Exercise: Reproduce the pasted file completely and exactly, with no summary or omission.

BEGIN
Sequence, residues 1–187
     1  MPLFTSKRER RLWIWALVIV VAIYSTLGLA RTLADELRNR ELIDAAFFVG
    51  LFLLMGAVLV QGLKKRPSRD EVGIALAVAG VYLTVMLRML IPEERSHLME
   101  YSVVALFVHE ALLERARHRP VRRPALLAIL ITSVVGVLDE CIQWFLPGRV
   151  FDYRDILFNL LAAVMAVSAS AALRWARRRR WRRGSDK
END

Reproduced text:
Sequence, residues 1–187
     1  MPLFTSKRER RLWIWALVIV VAIYSTLGLA RTLADELRNR ELIDAAFFVG
    51  LFLLMGAVLV QGLKKRPSRD EVGIALAVAG VYLTVMLRML IPEERSHLME
   101  YSVVALFVHE ALLERARHRP VRRPALLAIL ITSVVGVLDE CIQWFLPGRV
   151  FDYRDILFNL LAAVMAVSAS AALRWARRRR WRRGSDK